The challenge

Aakriti is about four years old when she attends her first reading class. Her class is supposed to learn alphabets for the next few days. Aakriti finds that she is unable to read the alphabets. Soon enough the letters turn into words and words into sentences. Aakriti is now ten and is about to complete primary schooling. However, she still struggles to read. Now imagine the same example being repeated in hundreds of classroom across India. That is the extent of reading crisis that exists across the country.

Research also shows that children who aren’t able to pick up their reading skill at an early stage are unlikely to make up for this by the time they finish schooling. This predominantly happens because many school administrators and educationists fail to recognize that reading is a skill, not just a task1.

The Indian education system is also unable to provide adequate cognitive skills to ensure that our students are equipped with analytical skills which are needed as they progressed through their schooling. This was clearly illustrated by India’s performance in the 2009+ PISA rankings. The Programme for International Student Assessment (PISA) is a test that evaluates the education systems of the world by testing the cognitive and analytical skills of high school students. Students from two of India’s most advanced states- Tamil Nadu and Himachal Pradesh participated in the test and ranked 2nd last only beating Kyrgyztan2. PISA considers level 2 as the minimum level of learning that a 15 year old should have and shockingly, 80% of students in both states were at or below level 1 in science3. This clearly indicates that India is not likely to make use of its demographic dividend4 and most students are ill equipped with basic reading, writing and cognitive skills-everything that a school is supposed to provide the students with. This recognition needs to be part of the education system and processes as poor reading abilities have a direct and long lasting impact on students’ learning outcomes that are detrimental to their future prospects

One possible solution

Stones 2 Milestones (S2M), a social enterprise based out of Gurgoan has done exactly that and has made it seem possible to identify that ‘reading’ in fact is a separate discipline and needs to be integrated in the school learning process. S2M was started by two enterprising individuals from Indian Institute of Management Ahmedabad who wanted to start an organization that worked on ensuring that children got better at educating themselves. Enter Kavish, a person with significant experience in private equity and Jagriti, an educationist who specialized in content development and had already founded ‘Aura’ a not-for-profit venture in Baroda. S2M scaled up the efforts of Aura and much more, and now the organization has an all Indian presence covering more than 3000 students.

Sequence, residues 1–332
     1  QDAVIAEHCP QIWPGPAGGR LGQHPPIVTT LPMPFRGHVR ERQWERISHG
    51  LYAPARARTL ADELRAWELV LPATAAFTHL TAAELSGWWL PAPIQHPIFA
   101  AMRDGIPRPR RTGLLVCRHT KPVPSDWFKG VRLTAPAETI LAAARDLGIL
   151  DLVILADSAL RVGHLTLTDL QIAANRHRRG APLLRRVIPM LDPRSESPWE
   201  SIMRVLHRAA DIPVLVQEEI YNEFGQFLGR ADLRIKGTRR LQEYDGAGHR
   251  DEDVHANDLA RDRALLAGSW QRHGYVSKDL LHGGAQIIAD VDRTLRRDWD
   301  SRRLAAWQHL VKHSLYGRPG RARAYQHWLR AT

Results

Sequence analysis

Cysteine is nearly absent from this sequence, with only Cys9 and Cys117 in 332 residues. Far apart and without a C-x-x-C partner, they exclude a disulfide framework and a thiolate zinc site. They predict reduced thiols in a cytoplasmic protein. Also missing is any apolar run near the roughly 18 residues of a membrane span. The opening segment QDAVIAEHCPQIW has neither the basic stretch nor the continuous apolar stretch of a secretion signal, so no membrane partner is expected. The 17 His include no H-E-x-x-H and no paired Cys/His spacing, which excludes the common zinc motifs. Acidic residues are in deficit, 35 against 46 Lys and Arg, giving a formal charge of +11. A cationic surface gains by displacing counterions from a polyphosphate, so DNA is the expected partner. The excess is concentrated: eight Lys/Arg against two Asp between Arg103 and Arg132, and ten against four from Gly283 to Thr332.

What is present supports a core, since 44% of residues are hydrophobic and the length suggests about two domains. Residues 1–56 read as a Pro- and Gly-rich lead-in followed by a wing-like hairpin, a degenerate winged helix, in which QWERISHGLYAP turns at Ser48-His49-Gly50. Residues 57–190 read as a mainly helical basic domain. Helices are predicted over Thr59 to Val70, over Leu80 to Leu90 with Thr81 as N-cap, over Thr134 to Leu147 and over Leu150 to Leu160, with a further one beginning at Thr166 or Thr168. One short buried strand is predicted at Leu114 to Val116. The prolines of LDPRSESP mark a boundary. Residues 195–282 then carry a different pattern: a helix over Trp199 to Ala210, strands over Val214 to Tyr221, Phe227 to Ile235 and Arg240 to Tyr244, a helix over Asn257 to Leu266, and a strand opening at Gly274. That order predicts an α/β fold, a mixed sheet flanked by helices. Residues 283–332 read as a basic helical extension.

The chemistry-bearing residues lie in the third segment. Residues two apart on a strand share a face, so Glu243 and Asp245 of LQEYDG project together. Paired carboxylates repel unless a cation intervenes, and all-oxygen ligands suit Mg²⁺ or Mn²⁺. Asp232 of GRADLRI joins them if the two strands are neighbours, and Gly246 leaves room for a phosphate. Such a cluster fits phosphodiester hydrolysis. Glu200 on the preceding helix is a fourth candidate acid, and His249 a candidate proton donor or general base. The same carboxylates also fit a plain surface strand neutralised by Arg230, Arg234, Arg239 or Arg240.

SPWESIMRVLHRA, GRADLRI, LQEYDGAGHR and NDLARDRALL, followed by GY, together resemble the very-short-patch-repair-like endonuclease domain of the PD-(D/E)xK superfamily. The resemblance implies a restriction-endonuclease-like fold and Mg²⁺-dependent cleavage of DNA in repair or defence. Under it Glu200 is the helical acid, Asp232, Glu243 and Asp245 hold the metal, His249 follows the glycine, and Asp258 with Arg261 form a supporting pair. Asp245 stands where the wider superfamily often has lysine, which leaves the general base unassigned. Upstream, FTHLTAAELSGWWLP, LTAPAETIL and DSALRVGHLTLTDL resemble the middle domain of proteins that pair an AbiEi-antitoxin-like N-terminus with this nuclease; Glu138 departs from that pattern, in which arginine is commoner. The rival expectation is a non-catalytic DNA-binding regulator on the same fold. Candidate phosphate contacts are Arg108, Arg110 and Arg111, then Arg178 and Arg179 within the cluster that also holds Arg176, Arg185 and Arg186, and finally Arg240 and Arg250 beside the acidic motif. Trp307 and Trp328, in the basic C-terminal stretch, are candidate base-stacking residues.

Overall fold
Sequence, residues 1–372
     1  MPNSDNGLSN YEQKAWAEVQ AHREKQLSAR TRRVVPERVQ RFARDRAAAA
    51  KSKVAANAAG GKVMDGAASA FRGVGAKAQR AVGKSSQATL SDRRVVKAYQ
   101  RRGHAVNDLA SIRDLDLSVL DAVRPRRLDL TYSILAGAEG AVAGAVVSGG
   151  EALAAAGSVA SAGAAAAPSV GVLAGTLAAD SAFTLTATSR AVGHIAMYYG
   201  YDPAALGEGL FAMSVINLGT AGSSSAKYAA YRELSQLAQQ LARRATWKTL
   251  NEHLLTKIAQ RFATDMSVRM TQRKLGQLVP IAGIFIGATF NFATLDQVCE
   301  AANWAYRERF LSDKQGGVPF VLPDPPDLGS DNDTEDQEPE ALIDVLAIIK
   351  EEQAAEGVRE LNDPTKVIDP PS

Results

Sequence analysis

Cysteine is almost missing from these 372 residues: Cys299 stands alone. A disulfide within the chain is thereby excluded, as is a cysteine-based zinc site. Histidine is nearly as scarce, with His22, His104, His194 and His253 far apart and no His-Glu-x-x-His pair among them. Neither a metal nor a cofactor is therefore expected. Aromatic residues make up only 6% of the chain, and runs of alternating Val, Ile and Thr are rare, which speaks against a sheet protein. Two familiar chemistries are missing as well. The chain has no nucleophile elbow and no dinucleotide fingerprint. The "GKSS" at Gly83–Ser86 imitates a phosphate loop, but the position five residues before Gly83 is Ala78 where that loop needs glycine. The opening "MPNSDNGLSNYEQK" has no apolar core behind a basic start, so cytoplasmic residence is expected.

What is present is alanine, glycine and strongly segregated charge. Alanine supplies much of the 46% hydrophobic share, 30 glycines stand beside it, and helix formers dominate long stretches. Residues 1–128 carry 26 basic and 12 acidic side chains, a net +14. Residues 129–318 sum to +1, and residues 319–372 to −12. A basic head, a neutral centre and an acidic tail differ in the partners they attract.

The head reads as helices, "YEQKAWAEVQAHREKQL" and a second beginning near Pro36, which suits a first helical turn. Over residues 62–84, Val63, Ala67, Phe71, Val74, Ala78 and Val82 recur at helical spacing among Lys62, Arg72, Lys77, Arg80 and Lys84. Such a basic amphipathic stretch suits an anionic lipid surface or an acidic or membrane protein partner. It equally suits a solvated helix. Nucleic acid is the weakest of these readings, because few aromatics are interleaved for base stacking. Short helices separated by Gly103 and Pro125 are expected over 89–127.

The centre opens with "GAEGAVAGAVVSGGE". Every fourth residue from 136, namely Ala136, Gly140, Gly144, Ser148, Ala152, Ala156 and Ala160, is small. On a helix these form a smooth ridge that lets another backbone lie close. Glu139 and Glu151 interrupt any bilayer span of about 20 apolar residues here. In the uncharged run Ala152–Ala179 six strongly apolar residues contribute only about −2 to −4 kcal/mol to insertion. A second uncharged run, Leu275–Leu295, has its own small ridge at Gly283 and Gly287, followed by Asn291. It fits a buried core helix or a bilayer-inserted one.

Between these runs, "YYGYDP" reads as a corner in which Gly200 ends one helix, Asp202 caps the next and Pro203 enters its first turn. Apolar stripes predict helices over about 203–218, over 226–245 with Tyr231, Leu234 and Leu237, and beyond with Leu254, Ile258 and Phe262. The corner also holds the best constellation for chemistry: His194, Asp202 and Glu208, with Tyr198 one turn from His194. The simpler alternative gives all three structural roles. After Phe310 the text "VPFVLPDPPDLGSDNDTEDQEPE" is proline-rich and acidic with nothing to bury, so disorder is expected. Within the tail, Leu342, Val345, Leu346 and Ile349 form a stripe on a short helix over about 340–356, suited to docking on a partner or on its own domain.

S2M uses a combination of different approaches to impact the way children learn. Their flagship program is Wings of Words, which is a reading skill development program that is offered to students from age three to seven (grade three) and is woven into the school curriculum. Schools are asked to allocate one class per day for this program and the school teachers are trained to deliver these sessions.

While Wings of Words focuses on reading, iMinds, their analytical thinking program aims to provide skills training and project oriented activities for children.

Apart from these individual programs, S2M also has unique programs for school verticals. They either transform existing schools or build new schools from the ground up. Their partnership with Deepak Fertilizers via Deepak Foundation is an example of the latter.

The partnership

Mr. C.K. Mehta, the chairman of Deepak Group of Companies, a group consisting of two of India’s leading fertilizer and chemical companies and Head of Deepak Foundation, the CSR arm of the Deepak Group, has always had the vision to start a school. However, while the foundation had previously worked in health, their work in education was sporadic and needs based. Having witnessed and understood S2M’s work in Baroda, they then approached S2M with the idea of starting a school. The foundation already had the land and they embarked on their journey to start a ‘Best Practice’ school. The idea was to tackle the problem of educational inequity by providing the services that are currently only available in expensive, elite international schools to a mid-income population. This school has been set up in Mira Nair road, Mumbai, despite it not being one of the most advanced areas in Mumbai . This partnership between Deepak Foundation and S2M was a consultancy agreement where both organizations were to jointly set up a school. S2M started this process in 2010 by meeting with the prospective school management and foundation for setting a vision and discussing what this school would look like. From there they went on to conduct a ‘Need Analysis’ in the community to get their perspectives on expectations from the school and school design. The next step was to actually design the building and constructing the schools systems and processes including induction for the principal along with logistics. S2M’s was involved in all the stages but since the school’s inception and opening in 2012, they are now focusing on building the capacity of the school and take on the monitoring and handover role. The school began in 2012 and is from kindergarten to class three.